Furthermore, Horwitch says cities that have yet to adopt broadband and other smart technologies are at an all-important tipping point—a "flipping point," as he calls it.

"Cities will flip positively or they will not," he says. "I believe this is an important issue for the emerging world generally. If these regions don't come together and understand they need to change and get smart, they're going to fall further behind and maybe there's a point of no return."

The Eastern European region is a case in point, Horwitch says. It has produced just one contender in the annual crop of 21 nominees for the ICF's "Intelligent Community of the Year" award. That's something Horwitch and colleagues at CEU Business School aim to change. With the help of a $7.5 million gift from billionaire investor and philanthropist George Soros, the business school is creating an institute for entrepreneurship and innovation, part of which will be devoted to the fostering of intelligent communities in the region and beyond, Horwitch says.

Cities Leading the Way

In developing and developed countries alike, it's typically individual cities or communities that set the standard for use of broadband and ICT, with regional and national governments later catching their vision, Zacharilla says. Examples include the cities of Eindhoven in Holland, Taipei in Taiwan, Sunderland in the UK and Waterloo, Canada.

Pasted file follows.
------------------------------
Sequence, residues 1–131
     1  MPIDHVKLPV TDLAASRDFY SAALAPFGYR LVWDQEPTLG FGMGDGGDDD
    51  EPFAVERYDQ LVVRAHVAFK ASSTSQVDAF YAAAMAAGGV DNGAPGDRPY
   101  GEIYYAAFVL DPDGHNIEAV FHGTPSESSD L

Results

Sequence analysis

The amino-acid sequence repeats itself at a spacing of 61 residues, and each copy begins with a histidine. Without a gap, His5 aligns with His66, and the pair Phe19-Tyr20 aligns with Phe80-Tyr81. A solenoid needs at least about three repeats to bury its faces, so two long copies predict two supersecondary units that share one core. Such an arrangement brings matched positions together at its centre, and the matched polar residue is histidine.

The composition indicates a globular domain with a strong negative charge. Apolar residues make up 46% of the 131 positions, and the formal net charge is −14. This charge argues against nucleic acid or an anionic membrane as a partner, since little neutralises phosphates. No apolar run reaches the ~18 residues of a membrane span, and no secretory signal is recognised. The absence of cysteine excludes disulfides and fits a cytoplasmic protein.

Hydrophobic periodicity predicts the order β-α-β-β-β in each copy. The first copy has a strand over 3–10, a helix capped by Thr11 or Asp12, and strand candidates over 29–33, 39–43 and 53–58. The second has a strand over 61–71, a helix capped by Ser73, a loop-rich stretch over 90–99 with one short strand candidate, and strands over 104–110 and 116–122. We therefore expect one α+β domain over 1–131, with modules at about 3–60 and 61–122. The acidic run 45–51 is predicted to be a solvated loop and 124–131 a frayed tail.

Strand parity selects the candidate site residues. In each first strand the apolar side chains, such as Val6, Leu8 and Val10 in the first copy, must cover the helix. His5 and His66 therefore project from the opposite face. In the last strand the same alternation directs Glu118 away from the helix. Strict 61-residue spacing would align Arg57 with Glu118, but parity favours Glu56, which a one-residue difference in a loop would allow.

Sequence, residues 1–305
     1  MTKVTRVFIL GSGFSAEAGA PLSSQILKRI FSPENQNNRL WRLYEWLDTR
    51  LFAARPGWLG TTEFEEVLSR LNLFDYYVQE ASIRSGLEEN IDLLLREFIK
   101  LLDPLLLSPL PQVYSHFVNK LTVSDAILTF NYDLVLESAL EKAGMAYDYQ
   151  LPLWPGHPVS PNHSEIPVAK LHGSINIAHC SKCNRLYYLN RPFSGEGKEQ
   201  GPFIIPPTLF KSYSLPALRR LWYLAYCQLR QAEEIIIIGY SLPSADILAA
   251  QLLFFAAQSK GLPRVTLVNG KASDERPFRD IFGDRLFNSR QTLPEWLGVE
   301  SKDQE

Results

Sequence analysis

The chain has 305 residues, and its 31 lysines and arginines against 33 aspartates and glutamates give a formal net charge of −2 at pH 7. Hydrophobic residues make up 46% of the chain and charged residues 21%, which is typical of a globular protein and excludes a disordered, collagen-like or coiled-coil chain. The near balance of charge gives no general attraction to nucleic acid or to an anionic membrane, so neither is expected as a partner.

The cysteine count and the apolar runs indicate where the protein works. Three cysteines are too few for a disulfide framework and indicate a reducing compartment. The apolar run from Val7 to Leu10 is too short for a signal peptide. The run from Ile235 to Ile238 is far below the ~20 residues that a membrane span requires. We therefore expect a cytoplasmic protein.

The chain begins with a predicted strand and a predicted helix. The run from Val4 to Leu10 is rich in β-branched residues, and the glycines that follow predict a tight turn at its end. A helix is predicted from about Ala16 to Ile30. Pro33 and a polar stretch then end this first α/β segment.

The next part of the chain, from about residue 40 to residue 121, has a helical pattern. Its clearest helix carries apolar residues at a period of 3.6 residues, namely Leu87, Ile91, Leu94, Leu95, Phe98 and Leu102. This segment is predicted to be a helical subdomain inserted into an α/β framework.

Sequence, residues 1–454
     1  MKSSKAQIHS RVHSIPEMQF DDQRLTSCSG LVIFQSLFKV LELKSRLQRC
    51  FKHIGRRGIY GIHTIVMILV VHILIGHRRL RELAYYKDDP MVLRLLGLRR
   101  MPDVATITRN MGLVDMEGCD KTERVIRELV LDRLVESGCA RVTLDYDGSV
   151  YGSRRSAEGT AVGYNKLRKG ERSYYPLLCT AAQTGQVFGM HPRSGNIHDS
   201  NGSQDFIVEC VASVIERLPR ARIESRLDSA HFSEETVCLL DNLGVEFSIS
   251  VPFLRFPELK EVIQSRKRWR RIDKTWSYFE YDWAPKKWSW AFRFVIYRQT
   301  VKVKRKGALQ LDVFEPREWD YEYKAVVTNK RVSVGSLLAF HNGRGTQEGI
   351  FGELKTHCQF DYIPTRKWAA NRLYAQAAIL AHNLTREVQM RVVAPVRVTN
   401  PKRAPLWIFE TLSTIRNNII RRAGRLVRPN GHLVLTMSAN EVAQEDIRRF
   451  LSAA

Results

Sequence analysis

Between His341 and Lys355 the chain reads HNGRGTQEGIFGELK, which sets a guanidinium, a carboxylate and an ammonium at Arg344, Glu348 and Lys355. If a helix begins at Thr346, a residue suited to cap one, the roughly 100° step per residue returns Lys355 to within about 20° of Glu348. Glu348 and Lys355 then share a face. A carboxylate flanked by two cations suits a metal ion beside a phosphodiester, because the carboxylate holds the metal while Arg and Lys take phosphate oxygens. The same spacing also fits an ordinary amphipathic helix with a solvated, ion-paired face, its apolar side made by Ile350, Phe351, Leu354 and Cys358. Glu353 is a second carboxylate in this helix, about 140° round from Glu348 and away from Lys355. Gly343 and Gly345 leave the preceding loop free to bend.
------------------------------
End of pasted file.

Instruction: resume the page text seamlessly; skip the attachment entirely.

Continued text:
"These intelligent communities inspire regional and national governments to look at them and say, ‘Hey, that's a great lab we've got over there. It's getting international recognition—let's take a closer look,'" Zacharilla says. "It becomes viral and spreads throughout the region or country."

It can also "leap" to places in other countries due to a network effect among cities engaged in the intelligent community movement, Horwitch says, adding that cities should strive to be part of this community of communities. "It should be a part of the strategy of any community not to be left out," he says.

Experts say common characteristics among successful smart communities include strong participation and commitment by government, academia and the private sector, as well as a means for citizens to participate in the community's destiny—for example, via an e-government platform. "It's not simply technology—leadership and buy-in are essential," Horwitch says.

Broadband Targets

The Broadband Commission recently challenged governments to achieve several ambitious broadband targets by 2015. It called on countries to make their broadband policy universal and affordable; for 40 percent of households in developing countries to have Internet access; and for Internet penetration to reach 50 percent in developing countries and 15 percent in least developed countries. (Internet penetration in the developing world currently stands at 21 percent, according to the International Telecommunications Union—a specialized agency of the United Nations for ICT.)

"It is vital that no one be excluded from the new global knowledge societies we are building," the commission states. "We believe that communication is not just a human need—it is a right."

Horwitch echoes the need for developing countries to be proactive in determining their destiny. "Communities need to go beyond simply reacting; they need to have sense of strategy and mission," he says. "They need to make a decision that they're going to become smart."

Zacharilla agrees. "If Afghanistan can do it, certainly some of the other countries that are wrestling with this issue can think about it as well," he says.